On 31 Aug, 00:21, David Nyman <david.ny...@gmail.com> wrote:
> 2009/8/28 Flammarion <peterdjo...@yahoo.com>:
> > 1. It seems reasonable that relations must have relata. However,
> > relata
> > need not have a rich set of properties. You could build a physical
> > universe out
> > a single type of particle and various relations.
> What we're trying to get to here, remember, is *many* intrinsically
> differentiable forms of instantiation.  

I thought we were trying to get at an analysis of Chalmers's theory.

I can't make sense of the above (instantions of what?)

>Hence for what you say to meet
> the case (which I would certainly not reject out of hand), any unique
> intrinsic nature you envisage for the particle would need to be
> capable of emergence, purely in virtue of combination in terms of its
> various relations, into many such intrinsically differentiable forms.

forms of what?

> Does that seem feasible on this basis?

Let's work on "comprehensible" for the time being...

> > 2. Someone's perceptual data are already encoded relationally in the
> > matter
> > of their brain, so if qualia are intrinisc properties of relata,
> > something needs to arrange
> > that they encode the same information, so some novel laws ar required
> > in addition to novel
> > properties,
> I'm not sure if I follow you.  Nothing is 'already' encoded.

Yes it is. That is fact, it is known from fMRI technology.

> As I
> said to Brent, we mustn't be misled into supposing that the state of
> affairs to which we refer literally 'possesses properties'.  

You have said it , but you haven't said why. That there are some sorts
of things with some sorts of properties is about the least contentious
claim I can think of.

>As I see
> it, the 'perceptual data' consist in;
> 1) An instantiation or substitution level which is self-referentially
> organised in terms of intrinsic differentiables in intrinsic relation.

I don't have the faintest idea what that means. By perceptual data, I
detectable changes in neurological activity, the kind of thing

>  This is the qualitative 'causal level' and as such exists independent
> of any extrinsic characterisation.  It makes no reference outside of
> itself.
> 2) Second-order 'extrinsic' accounts abstracted from and referring to
> level (1).  These accounts are themselves also instantiated at level
> (1).
> In terms of the above, the 'laws' are simply whatever regularities are
> abstractable at the level of the extrinsic account (2).  The
> instantiation level is not in itself abstractable, but can be
> nonetheless be referred to ostensively via the exchange of relational
> data.  As Chalmers implies, the 'subtle causal effect'(!) of the
> instantiation is to provide a substrate of realisation without which
> the extrinsic account lacks any referent.  Consequently any
> characterisation of level (2) accounts as independently 'causally
> closed' fundamentally mistakes the direction of inference.
> > 3,. The Grain problem
> I really can't fathom why anybody thinks that there is a grain
> problem.  ISTM that this is taking full-scale reflective consciousness
> altogether too much for granted.  One might as well complain that
> there should be a grain problem with respect to matter - after all,
> why isn't the brain just explicable at the level of molecules, or
> atoms.

It is.

>  I think, to use Chalmers' notorious terminology, that the
> grain problem is susceptible to 'easy' solution.  For example - and I
> emphasise that this is merely suggestive - conscious perception as we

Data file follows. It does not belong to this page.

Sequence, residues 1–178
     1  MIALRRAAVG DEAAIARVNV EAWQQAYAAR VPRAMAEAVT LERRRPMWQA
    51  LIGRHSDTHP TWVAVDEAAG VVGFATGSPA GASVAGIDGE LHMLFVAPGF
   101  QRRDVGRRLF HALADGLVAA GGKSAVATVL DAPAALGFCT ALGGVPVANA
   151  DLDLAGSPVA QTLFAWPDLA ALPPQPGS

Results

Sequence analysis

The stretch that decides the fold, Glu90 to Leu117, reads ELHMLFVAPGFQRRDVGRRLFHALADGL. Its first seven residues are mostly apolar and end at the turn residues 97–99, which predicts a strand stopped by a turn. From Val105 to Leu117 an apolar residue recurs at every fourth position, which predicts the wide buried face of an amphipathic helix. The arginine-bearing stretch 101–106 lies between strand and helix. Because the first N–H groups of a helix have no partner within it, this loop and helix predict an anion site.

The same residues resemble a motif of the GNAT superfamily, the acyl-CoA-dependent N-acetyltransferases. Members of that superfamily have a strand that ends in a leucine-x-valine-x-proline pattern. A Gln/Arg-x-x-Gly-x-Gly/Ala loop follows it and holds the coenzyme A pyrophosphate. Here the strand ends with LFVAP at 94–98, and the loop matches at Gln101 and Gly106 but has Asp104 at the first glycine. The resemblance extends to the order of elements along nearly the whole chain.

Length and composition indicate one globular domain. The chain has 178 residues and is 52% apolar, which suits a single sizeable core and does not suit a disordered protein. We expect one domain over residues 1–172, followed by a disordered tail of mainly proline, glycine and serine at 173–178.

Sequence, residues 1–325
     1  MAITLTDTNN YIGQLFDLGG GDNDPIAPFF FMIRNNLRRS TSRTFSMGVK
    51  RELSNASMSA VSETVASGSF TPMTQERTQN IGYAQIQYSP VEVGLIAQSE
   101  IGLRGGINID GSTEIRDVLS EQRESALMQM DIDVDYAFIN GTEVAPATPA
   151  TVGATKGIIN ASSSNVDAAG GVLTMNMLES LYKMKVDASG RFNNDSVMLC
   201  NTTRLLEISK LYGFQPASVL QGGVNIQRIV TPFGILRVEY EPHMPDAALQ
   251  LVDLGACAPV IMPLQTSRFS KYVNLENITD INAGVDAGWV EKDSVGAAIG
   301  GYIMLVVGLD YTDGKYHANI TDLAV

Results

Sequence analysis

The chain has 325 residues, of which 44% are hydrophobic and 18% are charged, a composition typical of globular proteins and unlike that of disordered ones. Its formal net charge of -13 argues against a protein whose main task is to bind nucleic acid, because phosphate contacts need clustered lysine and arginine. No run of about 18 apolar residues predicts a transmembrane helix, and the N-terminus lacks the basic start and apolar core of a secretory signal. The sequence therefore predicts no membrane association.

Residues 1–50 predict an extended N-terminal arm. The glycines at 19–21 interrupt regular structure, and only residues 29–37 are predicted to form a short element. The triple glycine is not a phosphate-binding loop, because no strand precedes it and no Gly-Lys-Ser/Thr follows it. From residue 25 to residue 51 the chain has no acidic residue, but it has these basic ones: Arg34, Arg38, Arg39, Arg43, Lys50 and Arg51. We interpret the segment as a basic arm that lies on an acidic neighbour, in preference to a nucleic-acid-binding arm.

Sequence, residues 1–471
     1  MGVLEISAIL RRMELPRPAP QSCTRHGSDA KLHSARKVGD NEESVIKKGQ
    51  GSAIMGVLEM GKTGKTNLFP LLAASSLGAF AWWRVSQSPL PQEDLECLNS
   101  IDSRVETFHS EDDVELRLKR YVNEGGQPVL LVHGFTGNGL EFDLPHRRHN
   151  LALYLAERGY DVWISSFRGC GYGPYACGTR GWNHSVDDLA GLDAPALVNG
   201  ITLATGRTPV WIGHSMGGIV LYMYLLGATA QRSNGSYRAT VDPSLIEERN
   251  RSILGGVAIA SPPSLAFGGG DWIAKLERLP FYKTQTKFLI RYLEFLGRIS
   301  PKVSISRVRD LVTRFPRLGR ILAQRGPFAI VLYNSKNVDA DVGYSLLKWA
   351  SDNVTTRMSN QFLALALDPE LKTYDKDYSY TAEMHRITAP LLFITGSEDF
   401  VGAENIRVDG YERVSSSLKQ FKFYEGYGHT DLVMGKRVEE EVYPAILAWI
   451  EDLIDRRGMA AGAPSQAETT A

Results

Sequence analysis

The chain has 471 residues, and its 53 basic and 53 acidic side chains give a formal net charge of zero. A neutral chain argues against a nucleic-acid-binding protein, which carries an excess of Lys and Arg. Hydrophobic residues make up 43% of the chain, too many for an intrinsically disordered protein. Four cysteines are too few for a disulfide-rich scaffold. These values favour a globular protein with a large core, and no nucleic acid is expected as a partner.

> know it provides us with an experience of time which is utterly at
> odds with either flux or block temporal models - i.e. the notions that
> time at the 'objective' level is either utterly ephemeral or
> enduringly spatial.  

That we experience a "specious present" rather than an infinitely
thin time-slice is very easily explained by data storage, which is
easily explained itself as a by product of data-transmission

I agree there is a problem with the block model.

I have no idea what this has to do with the GP

> On the basis of this we might well suppose that
> any experience even approximating to subjective consciousness is very
> far from supervening directly on some process naively considered as a
> simple traverse 'through time'.

But the claim that qualia per se are the intrisic properties of
fundamental particles is a claim that cosnc. or that aspect of consc.
*does* supervene directly on the fine-grained physical structure. You
are not *resolving* the problem, you are just saying the initial claim

> We should instead perhaps envision a) highly-evolved, multi-level,
> subject-relative processes of abstraction, synthesis and editing with
> b) high dependence on successions of (very) short-term memory-based
> gestalts that instantiate the qualitative temporal content of the
> 'specious present', c) whose adaptive function - to speak
> teleologically - is to mediate sophisticated discrimination of, and
> response to, co-evolving environments.

So where are the qualia in all that?

> In the first place, some such
> notion is justifiable as a rationale for the very expensive adaptive
> machinery represented by full reflective consciousness.  But more
> fundamentally, such a gedanken experiment allows us to see that it is
> naive to conceptualise 'experience' as qualitatively uniform and
> indiscriminately available 'through time' to reflective subjective
> consciousness.  Rather, we should expect that 'low-grain' generative
> process will indeed be discarded (i.e. 'forgotten') at the level of
> the reproducible temporal content of any self-conscious subject
> capable of supporting and articulating such experience.

If the lower level is discarded, the qualia aren't there. So where
are they?

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